FERRIS, Texas - A small North Texas town is getting international attention for offering free health care to all residents.
FOX 4 first reported in May when the city of Ferris made its announcement. Now that the healthcare service has started, we wanted to see how it's working.
"There is a need. We've got 40% of our folks are under or uninsured," said Ferris City Manager Brooks Williams. "That means you've got some folks that really need health care."
Now, in the Ellis County town of Ferris, there is access for all to healthcare, and it’s free.
Kacee Benitez and her husband moved to a new job in the region in August but settled in Ferris because of the healthcare benefit.
"I've lived in Utah and Virginia and never really heard of anything like this so we're excited," she said. "We were told by our realtor that Ferris was doing free medical for residences. That was definitely a plus when we were deciding what house we wanted to go to."
FOX 4 first reported in May about Ferris partnering with MD Health Pathways to provide free health care to city residents.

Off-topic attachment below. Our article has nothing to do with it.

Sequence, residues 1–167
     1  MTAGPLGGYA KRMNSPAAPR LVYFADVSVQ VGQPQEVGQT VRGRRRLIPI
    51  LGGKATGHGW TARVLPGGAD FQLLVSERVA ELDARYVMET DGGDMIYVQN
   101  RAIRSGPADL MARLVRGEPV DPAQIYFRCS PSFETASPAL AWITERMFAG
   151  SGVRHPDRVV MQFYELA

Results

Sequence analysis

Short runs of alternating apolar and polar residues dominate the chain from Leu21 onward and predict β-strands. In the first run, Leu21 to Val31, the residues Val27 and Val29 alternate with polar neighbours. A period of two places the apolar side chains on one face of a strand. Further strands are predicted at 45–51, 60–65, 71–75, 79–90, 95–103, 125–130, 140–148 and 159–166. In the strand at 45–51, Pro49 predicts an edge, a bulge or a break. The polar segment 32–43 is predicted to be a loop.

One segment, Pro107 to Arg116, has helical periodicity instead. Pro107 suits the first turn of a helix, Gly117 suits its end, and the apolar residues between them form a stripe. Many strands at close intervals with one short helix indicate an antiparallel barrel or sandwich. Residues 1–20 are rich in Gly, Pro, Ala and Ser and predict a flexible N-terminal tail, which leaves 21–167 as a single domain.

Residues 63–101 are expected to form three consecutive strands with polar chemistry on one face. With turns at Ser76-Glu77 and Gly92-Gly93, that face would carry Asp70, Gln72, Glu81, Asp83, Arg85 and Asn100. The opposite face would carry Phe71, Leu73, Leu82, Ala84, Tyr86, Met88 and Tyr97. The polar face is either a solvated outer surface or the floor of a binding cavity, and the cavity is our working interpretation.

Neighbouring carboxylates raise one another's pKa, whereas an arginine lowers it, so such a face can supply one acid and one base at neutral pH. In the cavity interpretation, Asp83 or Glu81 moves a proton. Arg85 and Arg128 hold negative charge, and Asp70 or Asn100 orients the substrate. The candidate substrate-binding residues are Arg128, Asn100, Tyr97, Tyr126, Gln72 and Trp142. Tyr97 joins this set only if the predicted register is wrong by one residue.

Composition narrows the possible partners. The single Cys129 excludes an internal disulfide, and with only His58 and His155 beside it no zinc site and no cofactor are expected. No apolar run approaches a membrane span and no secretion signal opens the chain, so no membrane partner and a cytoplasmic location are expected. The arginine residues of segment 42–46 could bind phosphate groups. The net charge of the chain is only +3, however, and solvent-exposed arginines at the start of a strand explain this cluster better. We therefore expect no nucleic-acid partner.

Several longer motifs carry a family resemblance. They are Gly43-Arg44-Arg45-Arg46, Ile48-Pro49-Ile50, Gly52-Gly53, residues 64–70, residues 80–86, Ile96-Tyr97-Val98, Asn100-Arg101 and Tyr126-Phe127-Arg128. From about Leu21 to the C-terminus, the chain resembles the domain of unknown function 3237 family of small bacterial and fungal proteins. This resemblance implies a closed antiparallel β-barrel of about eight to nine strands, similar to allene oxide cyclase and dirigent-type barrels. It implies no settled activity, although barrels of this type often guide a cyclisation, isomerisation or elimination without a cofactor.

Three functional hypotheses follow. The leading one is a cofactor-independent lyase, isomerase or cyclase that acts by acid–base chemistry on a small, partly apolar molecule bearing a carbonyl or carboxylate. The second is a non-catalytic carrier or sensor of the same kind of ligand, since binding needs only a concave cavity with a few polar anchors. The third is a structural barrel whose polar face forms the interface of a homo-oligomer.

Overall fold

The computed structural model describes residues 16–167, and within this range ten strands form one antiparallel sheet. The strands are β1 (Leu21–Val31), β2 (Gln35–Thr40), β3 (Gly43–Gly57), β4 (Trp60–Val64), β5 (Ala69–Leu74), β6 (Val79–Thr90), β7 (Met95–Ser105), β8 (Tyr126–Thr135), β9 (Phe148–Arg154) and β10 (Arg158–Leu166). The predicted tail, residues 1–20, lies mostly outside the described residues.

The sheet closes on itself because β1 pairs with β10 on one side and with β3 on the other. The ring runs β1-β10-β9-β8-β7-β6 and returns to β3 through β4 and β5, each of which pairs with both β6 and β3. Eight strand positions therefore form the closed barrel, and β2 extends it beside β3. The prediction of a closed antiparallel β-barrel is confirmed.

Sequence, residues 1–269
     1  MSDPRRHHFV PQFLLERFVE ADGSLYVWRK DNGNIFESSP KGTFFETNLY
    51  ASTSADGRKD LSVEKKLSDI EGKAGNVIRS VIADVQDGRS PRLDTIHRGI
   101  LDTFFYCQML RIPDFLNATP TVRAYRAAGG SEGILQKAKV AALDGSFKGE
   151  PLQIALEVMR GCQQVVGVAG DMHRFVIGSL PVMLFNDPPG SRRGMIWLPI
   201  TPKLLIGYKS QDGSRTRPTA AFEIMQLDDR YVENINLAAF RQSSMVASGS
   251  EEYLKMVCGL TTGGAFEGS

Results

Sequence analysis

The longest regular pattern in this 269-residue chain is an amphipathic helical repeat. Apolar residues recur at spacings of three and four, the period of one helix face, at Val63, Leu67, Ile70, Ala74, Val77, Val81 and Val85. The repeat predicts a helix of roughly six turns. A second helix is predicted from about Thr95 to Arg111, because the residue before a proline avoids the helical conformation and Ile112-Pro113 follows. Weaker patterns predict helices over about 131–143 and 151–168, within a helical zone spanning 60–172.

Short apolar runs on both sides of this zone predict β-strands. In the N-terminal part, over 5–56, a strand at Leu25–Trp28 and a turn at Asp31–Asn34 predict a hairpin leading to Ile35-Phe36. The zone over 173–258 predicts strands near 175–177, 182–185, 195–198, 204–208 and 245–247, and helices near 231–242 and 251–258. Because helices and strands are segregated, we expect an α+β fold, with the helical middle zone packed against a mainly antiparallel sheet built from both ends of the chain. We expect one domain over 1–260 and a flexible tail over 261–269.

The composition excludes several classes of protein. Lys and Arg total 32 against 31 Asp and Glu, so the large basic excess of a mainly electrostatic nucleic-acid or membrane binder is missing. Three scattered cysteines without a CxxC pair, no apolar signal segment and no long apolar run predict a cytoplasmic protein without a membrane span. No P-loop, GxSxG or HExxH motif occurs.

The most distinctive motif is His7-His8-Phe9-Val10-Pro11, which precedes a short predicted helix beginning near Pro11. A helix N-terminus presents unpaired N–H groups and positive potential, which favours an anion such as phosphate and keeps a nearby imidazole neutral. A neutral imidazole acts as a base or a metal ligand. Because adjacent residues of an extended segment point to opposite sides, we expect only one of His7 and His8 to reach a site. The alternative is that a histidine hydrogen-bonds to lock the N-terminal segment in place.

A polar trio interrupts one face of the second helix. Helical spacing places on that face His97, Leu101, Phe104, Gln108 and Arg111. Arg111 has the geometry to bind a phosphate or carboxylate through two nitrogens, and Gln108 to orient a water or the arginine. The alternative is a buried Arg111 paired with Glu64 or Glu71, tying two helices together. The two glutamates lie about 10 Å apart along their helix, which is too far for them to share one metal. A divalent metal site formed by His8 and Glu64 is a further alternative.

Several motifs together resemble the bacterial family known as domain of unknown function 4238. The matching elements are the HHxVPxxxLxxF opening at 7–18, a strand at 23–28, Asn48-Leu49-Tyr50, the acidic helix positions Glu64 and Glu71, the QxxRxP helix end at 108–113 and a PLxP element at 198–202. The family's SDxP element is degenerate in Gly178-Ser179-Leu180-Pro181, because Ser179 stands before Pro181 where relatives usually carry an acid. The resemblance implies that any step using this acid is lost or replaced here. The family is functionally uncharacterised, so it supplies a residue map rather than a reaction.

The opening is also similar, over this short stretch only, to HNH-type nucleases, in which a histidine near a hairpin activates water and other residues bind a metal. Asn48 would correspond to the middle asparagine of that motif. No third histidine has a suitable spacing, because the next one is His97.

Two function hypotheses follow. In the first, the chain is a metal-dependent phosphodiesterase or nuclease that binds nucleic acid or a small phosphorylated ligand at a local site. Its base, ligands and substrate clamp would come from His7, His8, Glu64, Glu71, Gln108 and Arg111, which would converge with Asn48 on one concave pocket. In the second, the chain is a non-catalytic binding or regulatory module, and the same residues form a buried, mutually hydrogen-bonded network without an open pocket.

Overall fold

Williams says he heard from communities everywhere.
"Across the state, across all states. We even got some international interest as well," he said. "I had the opportunity to speak to about 400 municipal executives from across the country and present this program to them and all were very impressed with it. And there’s a lot of interest now amongst other cities in what we're doing."
Williams says there has been interest from businesses big and small.
Charles Hatfiled came in last week and is glad to have access to the program.
"Originally when it first came out, everybody thought it was socialized medicine," he said. "But later, we found out it was funding from some surplus COVID funds the city got."
Ferris is using American Rescue Funds to pay MD Health Pathways to provide this basic health service at $55 a year for each of its roughly 3,500 citizens.
"You can make an appointment to come here where the actual mobile unit is, and we can get you registered that way," explained Ryan Owusu-Ansah with MD Health Pathways.
Residents have to register and show they live in Ferris.
"What we don't want to see is mental health, physical health go to a back burner because of a fear of being able to get access to it," Williams said. "So we've removed that barrier so our folks can get healthier, and we can see an improvement in our community."
The program won't last forever since more funds may not be coming.
Williams knows that and says they are getting creative with how to keep the dollars in place to continue what he says is making for a healthier Ferris in more ways than one.